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Happy New Year!! + some musical research

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Best wishes to you all for a fulfilling, grace-filled 2019!! As my friends will know, I'm someone who likes to share with others the things that move me, that touch me in some way, the things I'm passionate about, that open me up to the presence of God in my life and the lives of others, be they films, pieces of classical music, worship songs, photographs, etc... I also like to use the school holidays to catch up on classical music research of the kind that we can do nowadays, thanks to the internet, music streaming services, etc..., comparing recordings of the same piece. Among the pieces that I have been researching during the past few days are the following pieces that are among my all-time favourites:
- Howells' Requiem
- Ravel's Piano Concerto in G (the slow mvt.)
- Bruckner's 8th Symphony
- Mahler's 5th Symphony
- Tallis' hymn "Why fum'th in fight the gentiles spite" (which provided the inspiration for Vaughan Williams' heavenly Fantasia …

“God With Us” + "Maybe It’s Ok” - We Are Messengers

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Last night, the school Worship Band (pupil lineup) performed with me a version of the We Are Messengers Christmas song from a couple of years ago “God With Us”. Our boys did a cracking job, (vocalist, 2 guitars, keyboard, bass guitar, drummer + percussionist) some of whom are not very experienced at performing in public. It’s a song that mixes the idea of Jesus being “God-with-us”/Emmanuel with the idea that we are called to recognise and depend on his presence at all times, and that Christmas is a reminder of this most reassuring of realities.
“He is with us always, in our joys and in our pain. In the lonely midnight keep looking up. Love has come, God with us."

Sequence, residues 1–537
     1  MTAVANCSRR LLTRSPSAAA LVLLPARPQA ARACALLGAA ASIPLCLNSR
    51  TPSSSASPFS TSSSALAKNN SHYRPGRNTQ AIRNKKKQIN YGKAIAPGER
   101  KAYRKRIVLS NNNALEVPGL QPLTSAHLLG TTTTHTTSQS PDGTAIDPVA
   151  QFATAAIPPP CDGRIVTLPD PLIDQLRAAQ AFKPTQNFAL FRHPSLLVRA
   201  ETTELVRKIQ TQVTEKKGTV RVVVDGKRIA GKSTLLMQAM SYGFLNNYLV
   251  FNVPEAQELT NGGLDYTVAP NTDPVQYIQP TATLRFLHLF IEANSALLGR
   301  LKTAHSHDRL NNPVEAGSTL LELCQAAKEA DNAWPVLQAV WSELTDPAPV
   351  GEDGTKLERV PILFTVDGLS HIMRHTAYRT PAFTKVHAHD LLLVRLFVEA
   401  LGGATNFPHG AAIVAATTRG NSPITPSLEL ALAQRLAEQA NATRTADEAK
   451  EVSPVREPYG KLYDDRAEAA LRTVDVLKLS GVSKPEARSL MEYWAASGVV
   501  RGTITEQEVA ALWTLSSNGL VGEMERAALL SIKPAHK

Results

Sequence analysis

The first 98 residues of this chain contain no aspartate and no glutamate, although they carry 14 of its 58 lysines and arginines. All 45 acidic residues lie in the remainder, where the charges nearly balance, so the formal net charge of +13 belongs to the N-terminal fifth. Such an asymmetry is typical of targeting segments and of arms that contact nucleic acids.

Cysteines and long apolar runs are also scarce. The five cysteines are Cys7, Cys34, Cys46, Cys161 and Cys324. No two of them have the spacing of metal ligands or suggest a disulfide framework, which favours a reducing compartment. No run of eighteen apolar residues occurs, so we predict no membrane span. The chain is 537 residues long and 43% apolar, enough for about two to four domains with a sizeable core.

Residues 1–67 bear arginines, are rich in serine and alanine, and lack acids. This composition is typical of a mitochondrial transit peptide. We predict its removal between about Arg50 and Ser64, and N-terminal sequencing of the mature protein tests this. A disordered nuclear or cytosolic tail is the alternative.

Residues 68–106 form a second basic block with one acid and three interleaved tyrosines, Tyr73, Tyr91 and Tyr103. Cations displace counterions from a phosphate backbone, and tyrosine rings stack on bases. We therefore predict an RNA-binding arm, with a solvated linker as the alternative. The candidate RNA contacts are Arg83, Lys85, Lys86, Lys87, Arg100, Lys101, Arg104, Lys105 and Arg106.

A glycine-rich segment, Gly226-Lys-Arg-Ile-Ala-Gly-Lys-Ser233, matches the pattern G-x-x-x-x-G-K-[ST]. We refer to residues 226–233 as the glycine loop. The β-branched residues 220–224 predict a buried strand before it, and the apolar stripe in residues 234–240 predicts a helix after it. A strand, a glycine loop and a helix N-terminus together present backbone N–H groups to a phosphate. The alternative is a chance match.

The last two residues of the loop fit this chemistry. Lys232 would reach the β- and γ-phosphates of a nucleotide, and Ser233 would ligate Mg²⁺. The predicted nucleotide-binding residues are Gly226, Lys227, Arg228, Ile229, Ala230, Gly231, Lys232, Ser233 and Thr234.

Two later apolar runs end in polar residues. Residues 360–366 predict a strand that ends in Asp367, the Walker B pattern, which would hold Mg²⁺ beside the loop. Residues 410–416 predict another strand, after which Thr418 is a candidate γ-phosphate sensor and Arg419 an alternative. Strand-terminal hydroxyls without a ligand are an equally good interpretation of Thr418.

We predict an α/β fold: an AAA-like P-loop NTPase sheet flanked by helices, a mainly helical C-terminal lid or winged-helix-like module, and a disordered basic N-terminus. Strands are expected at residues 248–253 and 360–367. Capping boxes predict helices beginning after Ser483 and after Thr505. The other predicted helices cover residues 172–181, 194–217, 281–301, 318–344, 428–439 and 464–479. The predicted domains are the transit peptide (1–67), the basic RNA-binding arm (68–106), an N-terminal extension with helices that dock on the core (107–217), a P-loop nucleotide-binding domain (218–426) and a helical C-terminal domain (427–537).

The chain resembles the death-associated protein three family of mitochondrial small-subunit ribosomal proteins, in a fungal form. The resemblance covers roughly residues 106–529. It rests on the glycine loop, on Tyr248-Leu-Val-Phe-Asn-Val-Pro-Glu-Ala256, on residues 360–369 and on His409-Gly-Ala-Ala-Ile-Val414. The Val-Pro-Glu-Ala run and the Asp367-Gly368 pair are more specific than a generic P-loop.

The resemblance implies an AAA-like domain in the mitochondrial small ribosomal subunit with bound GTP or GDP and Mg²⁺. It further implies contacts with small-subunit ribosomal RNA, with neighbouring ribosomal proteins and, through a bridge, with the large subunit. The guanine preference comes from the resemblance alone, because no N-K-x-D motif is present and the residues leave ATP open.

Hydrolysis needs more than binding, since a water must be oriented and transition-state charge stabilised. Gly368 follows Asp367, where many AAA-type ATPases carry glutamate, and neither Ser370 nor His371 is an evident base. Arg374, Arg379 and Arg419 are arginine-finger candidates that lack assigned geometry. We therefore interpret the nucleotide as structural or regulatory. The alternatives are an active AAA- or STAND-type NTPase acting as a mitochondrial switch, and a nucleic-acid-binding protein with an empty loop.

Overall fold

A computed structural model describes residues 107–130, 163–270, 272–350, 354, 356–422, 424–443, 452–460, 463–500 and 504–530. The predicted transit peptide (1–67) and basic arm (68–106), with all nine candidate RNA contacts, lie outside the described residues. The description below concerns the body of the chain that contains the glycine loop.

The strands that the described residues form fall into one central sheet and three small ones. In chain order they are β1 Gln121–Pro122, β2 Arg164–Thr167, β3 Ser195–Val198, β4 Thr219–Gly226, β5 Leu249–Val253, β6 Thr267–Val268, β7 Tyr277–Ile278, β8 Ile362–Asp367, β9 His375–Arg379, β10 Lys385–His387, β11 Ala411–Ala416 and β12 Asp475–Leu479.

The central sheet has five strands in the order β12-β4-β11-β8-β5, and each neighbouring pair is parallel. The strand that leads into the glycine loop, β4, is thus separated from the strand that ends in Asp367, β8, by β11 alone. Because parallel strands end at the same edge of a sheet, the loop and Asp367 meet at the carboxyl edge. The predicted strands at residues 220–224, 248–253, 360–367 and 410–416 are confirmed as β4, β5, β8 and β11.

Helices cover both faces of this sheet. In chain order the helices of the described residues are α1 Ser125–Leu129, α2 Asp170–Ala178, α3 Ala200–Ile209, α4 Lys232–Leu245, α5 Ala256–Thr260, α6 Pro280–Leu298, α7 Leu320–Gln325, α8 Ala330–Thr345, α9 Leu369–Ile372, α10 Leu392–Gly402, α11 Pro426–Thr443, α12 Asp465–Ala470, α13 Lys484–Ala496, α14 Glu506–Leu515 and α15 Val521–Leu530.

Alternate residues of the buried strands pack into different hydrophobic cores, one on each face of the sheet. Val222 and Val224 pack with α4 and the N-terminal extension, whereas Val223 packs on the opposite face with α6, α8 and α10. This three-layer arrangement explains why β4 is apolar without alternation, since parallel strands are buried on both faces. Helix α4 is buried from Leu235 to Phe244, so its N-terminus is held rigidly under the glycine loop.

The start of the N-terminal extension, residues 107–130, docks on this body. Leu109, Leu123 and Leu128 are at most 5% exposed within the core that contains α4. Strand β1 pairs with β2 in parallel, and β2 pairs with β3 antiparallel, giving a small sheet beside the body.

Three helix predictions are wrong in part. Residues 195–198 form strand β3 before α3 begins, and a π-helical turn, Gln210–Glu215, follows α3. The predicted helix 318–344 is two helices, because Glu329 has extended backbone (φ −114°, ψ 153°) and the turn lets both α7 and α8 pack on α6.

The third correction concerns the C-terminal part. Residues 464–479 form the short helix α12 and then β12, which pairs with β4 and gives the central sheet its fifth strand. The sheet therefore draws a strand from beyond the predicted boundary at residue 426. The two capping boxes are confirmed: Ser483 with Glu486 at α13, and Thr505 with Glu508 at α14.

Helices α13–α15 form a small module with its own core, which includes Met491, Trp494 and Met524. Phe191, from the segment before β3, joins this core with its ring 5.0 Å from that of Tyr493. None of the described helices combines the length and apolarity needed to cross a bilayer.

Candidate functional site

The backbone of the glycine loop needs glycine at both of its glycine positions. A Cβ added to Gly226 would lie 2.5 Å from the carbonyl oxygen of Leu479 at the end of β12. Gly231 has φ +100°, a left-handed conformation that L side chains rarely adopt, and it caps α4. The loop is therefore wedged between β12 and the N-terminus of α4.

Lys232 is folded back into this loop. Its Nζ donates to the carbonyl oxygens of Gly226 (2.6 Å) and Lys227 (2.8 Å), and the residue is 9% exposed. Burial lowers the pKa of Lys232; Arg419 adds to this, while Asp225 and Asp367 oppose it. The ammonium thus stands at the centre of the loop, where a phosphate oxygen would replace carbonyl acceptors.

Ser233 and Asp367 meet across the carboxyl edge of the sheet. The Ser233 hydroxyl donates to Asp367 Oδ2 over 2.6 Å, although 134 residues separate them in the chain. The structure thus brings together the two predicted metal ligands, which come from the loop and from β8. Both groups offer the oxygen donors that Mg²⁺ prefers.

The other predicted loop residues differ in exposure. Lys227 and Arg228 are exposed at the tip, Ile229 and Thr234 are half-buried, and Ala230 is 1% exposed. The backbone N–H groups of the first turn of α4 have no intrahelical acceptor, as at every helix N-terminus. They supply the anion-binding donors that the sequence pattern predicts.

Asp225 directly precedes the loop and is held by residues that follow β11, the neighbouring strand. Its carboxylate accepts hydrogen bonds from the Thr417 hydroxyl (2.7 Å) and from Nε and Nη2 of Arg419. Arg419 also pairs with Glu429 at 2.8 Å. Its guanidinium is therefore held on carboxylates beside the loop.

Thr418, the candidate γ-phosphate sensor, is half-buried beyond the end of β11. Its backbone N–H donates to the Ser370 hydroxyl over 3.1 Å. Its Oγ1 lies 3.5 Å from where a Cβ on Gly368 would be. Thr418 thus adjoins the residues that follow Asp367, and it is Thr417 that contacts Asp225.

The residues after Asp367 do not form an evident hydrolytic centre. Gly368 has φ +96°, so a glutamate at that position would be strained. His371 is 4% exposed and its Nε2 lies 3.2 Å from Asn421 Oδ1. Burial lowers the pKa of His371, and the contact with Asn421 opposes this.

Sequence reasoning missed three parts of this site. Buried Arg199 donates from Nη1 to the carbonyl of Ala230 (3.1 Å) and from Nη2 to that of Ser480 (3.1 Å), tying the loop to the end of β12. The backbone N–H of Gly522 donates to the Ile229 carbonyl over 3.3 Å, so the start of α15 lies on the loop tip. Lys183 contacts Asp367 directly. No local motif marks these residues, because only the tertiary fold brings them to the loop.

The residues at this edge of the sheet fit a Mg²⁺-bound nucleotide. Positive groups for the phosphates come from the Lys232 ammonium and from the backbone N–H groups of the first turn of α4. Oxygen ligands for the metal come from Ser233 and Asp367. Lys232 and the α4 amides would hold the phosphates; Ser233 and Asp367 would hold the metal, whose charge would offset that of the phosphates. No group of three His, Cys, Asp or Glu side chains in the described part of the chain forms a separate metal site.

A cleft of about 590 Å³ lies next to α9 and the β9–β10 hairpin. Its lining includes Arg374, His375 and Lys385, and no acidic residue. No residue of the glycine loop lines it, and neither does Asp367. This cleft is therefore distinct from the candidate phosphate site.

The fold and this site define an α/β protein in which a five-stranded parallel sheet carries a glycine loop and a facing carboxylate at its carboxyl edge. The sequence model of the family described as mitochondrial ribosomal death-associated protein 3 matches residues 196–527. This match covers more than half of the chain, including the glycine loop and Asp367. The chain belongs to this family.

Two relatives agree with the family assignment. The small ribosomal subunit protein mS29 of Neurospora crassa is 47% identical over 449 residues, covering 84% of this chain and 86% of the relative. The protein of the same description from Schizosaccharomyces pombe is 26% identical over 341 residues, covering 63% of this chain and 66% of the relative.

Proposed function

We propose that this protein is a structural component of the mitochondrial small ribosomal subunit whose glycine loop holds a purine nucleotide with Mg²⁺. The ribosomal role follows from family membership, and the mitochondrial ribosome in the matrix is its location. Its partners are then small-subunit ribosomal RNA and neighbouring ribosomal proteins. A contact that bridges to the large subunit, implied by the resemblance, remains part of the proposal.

The following is another great song by N. Irish band We Are Messengers (“Maybe It’s Ok”). This, their new single, was written in the aftermath of being involved in a fatal accident when their tour bus ploughed into the back of an unlit car that had broken down on an interstate road in Georgia, USA in Match 2017. The dri…

Happy (belated) Founder's Day!!

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Happy Founder’s Day to all in the Mennaisien Network! (it was actually yesterday, the  26th) A day when we celebrate the life of our principal Founder, Fr. Jean-Marie De La Mennais (1780-1860). This morning we had a Founder’s Day Mass for Yr. 7. After our weekly Monday staff meeting at the end of the school day, we provided a “verre d’amitié” for all the staff and a chance for them to meet and chat with all the Brothers of our community, including former Head, Bro. Francis (see photo). Later in the week we’ll have an own clothes day to raise money for our mission in Indonesia and there’s an ongoing art competition to design a poster for our bicentenary as a religious order next year. Myself and Bro. Peter are giving the assemblies this week.





Dream Big - Bob Goff